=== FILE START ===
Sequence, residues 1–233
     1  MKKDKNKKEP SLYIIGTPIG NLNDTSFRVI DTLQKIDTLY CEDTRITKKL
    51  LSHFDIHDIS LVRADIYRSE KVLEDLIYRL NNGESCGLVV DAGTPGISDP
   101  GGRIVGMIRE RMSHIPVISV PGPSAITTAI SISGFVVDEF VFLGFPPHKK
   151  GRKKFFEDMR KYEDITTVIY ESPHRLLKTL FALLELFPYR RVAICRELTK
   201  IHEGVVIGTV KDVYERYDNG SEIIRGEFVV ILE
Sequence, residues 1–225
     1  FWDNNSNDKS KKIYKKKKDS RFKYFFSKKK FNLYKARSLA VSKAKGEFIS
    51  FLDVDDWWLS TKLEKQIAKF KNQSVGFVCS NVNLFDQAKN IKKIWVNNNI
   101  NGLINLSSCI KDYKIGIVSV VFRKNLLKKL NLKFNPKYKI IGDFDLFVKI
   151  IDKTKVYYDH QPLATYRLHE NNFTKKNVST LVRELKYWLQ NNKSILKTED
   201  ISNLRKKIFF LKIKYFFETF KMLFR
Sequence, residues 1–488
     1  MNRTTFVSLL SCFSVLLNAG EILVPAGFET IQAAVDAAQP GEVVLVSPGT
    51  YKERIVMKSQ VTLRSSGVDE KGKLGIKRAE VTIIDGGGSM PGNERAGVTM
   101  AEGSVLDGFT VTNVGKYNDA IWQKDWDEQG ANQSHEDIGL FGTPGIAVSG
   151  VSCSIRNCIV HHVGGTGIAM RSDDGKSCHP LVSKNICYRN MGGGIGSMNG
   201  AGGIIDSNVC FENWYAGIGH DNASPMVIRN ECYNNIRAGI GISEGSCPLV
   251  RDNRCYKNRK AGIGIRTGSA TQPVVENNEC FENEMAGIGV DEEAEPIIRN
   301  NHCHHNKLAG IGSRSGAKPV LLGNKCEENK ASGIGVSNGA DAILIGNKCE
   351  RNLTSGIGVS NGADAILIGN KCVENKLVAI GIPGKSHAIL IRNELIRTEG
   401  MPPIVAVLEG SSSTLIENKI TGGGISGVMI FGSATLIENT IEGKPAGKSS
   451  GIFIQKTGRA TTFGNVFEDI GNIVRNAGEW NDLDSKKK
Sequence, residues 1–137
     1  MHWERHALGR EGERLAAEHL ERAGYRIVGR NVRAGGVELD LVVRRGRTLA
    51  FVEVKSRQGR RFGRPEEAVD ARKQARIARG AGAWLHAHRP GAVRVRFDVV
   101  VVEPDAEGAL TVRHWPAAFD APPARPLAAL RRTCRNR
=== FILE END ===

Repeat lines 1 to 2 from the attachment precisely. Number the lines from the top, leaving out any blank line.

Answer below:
Sequence, residues 1–233
     1  MKKDKNKKEP SLYIIGTPIG NLNDTSFRVI DTLQKIDTLY CEDTRITKKL